John Hoffmire: We met at Oxford in 2014, before you became a successful social entrepreneur. Tell me about your experience with the Chevening Research Science and Innovation Leadership Programme (CRISP), and how it redirected your vocation.
Shalini: My time as a scholar of the Chevening CRISP fellowship at the Said Business School at Oxford University was my first exposure to innovation and entrepreneurship. At that time even thought about social enterprises or of becoming an entrepreneur. But visits to the University of Glasgow and an accelerator in London, provided me with exposure to the entrepreneurial ecosystem and a spark was lit. Prior to 2014, my work was to provide environment management as service. After my CRISP fellowship, I started thinking of environment protection and management as a brand — a brand that society and businesses should embrace, own and nurture, and I wanted to be a part of that.
I am still working to establish that brand and hope I’ve achieved some success. I work in the area of waste management because, it’s my experience that business and governance too often do not consider the environment and social cost of development, and that is to everyone’s detriment. We all need clean air, water and land for survival, but the fact is that natural resources (environment) is are not managed well in India and many other developing economies. I’m trying to change that and to work on making earth a better place for current and next generations to thrive.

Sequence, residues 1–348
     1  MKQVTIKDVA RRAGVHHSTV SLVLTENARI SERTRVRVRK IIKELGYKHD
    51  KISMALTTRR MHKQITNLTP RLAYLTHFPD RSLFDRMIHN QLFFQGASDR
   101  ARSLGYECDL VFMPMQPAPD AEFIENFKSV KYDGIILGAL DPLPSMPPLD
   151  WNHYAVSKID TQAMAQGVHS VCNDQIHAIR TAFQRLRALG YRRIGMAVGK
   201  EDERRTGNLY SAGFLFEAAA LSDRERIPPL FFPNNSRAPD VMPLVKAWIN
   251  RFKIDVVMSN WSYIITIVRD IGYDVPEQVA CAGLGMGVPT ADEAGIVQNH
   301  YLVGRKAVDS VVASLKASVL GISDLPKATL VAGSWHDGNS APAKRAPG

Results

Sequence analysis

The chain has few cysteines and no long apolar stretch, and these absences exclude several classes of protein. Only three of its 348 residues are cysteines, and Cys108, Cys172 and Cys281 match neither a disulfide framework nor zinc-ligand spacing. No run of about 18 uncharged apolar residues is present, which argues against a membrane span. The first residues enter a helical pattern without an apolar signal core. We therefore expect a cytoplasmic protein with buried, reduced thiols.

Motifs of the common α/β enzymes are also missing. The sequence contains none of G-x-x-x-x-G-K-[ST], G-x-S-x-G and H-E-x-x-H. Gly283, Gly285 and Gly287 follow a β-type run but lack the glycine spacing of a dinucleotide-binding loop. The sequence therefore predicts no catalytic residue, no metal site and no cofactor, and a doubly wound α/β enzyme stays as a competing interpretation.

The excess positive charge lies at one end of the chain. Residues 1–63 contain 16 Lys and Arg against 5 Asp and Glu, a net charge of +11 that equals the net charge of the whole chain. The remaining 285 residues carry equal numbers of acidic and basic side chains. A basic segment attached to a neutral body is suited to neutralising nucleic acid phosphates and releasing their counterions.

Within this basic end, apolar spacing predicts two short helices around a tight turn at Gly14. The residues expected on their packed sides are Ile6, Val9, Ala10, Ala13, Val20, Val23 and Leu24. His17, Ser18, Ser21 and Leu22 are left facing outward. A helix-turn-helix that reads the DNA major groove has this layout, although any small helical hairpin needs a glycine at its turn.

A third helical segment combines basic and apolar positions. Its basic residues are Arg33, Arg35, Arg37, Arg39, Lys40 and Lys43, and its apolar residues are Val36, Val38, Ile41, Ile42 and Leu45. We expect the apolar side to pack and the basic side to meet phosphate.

Hoffmire: I’m truly impressed seeing such innovative work being done to better manage e-waste in India, to change ‘waste to wealth’, and the social benefits that are being produced in an area that has been ignored for years together, in developing economies. Thank you for telling me about the outstanding work you are doing.
Shalini: Thank you for inviting me for this interview. It’s been my pleasure to share the details of our business and initiatives. I’m grateful for the encouragement I received to move in this direction while I was a CRISP scholar at Oxford.
Dr. Shalini Sharma is the Founder and CEO of Sanshodhan An E-Waste Exchange, a Founding Director of the Global Institute for Circular Economy and SDGs, and an Expert Member of the Committee on Circular Economy (EEE Sector), Niti Aayog, Government of India. She is also an alum of the Chevening Research Science and Innovation Leadership Programme (CRISP) 2014.
Interviewer: Dr. John Hoffmire is the Chairman of the Center in Business and Poverty, and research Associate at the Oxford Centre for Mutual and Co-owned Businesses.